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Drum Fills - Let's Get Rolling!

If you're using midi drum tracks, maybe you're struggling to create your own drum fills. Or maybe you need fills that aren't so busy or complex? Either way, this article is for you.

Drum fills serve a few basic purposes: they break up the beat momentarily; they add a bit of interest; they help the song flow from section to section.

When dealing with drum fills, less is often more! Some of the most common, useful and effective fills are short snare rolls.

Before discussing the specifics, here's how I typically think about drum fills.

Three basic elements of a fill:

  1. rhythmic patterns
  2. individual drums involved (orchestration)
  3. volume levels (soft, normal and loud)

With snare rolls, we only need to focus on rhythmic patterns and volume.

Rhythmic Patterns 

Learn these simple patterns because they occur frequently. In 4/4 time, they start on beat 4. The following 1-beat patterns can be mixed and matched to form 2-beat rolls (starting on beat 3). For convenience, the patterns are displayed using a simple code:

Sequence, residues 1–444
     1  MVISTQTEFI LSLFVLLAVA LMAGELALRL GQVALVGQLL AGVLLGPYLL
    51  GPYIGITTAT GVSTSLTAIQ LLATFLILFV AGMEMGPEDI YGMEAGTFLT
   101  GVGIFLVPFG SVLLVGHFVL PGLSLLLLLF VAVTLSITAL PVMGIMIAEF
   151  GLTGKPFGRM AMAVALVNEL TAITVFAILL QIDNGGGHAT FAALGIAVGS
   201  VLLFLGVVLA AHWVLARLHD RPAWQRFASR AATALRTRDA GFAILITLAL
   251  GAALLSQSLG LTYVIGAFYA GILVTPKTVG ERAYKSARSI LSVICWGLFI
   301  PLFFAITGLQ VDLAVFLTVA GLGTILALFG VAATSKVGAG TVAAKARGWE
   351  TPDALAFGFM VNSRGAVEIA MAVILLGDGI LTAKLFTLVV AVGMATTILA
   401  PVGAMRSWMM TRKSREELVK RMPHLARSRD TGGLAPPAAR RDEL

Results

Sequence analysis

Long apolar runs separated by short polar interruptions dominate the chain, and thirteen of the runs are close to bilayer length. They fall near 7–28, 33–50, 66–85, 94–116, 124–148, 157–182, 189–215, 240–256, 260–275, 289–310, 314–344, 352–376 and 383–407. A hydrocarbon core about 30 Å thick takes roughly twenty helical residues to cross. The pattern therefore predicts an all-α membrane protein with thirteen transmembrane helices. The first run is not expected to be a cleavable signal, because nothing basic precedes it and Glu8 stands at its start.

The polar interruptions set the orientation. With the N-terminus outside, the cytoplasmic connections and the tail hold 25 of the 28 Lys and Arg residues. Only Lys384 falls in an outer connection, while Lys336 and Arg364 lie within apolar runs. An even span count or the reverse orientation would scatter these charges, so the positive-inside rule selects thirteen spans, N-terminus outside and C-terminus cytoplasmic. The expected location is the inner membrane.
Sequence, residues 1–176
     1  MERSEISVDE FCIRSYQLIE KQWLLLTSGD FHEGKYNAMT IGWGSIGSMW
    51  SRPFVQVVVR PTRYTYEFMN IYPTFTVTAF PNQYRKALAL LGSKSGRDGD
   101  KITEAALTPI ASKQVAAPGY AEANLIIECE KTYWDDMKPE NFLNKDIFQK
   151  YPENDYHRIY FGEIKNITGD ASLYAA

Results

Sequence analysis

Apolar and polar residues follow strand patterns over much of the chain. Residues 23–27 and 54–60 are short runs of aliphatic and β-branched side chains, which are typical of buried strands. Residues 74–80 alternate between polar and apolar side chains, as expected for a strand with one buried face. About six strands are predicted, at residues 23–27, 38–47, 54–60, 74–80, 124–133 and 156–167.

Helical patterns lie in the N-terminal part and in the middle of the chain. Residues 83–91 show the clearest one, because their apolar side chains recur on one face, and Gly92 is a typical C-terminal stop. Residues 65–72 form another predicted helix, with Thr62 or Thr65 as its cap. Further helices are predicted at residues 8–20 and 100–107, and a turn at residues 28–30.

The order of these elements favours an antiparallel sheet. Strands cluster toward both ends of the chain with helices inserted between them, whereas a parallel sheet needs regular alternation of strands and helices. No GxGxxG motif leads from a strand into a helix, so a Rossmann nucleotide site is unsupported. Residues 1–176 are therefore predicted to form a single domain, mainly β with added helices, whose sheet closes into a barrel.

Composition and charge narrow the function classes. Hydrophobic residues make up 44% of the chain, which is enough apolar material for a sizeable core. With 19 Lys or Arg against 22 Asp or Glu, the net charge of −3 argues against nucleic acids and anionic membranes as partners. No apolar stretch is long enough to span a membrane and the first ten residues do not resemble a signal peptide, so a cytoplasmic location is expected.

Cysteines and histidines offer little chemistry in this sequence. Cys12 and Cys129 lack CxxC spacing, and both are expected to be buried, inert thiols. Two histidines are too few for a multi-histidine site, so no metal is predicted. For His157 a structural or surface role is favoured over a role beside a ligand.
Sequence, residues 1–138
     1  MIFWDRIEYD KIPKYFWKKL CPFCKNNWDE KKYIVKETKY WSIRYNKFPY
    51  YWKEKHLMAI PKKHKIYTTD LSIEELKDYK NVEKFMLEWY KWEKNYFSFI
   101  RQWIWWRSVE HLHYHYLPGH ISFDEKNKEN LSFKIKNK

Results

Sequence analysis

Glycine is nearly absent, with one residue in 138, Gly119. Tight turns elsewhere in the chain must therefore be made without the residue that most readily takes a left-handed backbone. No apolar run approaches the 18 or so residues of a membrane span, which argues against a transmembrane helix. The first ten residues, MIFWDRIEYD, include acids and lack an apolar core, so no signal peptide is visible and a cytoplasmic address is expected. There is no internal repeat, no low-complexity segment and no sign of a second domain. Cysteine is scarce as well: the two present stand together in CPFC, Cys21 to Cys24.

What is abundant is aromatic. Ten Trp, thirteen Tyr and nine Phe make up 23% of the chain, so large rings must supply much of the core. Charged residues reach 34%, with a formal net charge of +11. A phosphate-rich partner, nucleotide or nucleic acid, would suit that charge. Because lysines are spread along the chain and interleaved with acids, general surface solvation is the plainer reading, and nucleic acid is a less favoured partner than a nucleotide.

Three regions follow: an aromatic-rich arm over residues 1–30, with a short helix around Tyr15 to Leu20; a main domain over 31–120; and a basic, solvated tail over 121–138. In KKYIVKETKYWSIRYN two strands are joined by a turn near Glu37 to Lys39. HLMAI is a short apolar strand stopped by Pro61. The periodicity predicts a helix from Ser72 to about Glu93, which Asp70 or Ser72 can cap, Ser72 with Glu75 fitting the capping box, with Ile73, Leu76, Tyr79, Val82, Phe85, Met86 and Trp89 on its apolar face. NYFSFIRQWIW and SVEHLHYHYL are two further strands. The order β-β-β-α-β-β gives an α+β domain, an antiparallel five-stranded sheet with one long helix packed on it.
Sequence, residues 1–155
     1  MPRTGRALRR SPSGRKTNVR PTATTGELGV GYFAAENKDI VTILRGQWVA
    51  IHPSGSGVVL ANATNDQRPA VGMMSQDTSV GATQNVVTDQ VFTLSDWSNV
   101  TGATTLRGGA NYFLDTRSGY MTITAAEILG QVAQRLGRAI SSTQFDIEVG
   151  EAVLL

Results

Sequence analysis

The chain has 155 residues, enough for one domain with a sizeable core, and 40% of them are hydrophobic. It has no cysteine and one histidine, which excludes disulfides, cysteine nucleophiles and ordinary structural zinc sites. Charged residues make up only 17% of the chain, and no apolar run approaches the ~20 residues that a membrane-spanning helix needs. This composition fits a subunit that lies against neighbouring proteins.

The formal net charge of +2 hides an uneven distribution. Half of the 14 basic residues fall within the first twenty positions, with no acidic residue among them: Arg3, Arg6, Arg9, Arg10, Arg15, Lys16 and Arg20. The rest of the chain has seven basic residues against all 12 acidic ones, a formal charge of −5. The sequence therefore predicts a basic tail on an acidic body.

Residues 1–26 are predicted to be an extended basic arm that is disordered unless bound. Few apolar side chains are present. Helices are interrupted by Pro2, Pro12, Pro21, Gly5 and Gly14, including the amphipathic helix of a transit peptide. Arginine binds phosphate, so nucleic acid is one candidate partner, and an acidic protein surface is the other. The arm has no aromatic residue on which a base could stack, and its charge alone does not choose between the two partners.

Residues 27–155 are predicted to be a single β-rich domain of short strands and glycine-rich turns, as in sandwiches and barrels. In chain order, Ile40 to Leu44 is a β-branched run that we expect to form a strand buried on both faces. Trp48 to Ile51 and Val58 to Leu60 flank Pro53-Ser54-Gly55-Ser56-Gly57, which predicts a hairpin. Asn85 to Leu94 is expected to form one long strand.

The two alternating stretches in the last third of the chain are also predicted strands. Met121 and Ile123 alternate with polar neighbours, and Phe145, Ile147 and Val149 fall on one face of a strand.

x = snare hit

o = no hit

  1. x x x x
  2. x o x o
  3. x o x x
  4. x x x o
  5. x x o x

Learn by doing! Open your DAW (Cubase, Sonar, Reaper, Logic, Pro Tools, Garage Band, etc.) and try program these basic examples. Next, we'll experiment with volume levels.

Volume Levels

Let's start with 2 levels by ignoring the soft hits for now. We now have 3 possibilities in our code:

X = loud snare hit

x = snare hit

o = no hit 

Programmer's tip: In terms of midi “velocity”, accents are usually a minimum of 10% louder than regular hits. Play around with your drum samples and find your preferred ranges for regular and accented hits. If it's for rock music, don't be afraid to crank them all the way up!

It's common to accent the first note as follows.

  1. X x x x
  2. X o x o
  3. X o x x
  4. X x x o
  5. X x o x

Finally, we can add soft hits into the mix. How soft ? They are often barely audible and typically played by lifting the stick about only an inch or two off of the snare and lightly tapping. These hits are often called “ghost notes”.

Programmer's tip: In terms of midi “velocity”, they're often somewhere between 20 and 40.

X = loud snare hit

x = snare hit

s = soft snare hit

o = no hit

One common example using a ghost note is:

  1. X s x x

2-Beat Snare Rolls

You can combine the 1-beat patterns into longer rolls. Here are some common examples:

  1. X x x x X x x x
  2. X x x o X o x x
  3. X o x o X x x o
  4. X x x x x x X X
  5. X o x x X x x o

Experiment and create your own rolls by combining rhythmic patterns and using different volume levels.

Programmer's tip: Save these rolls as midi files and add them to your tracks whenever necessary.

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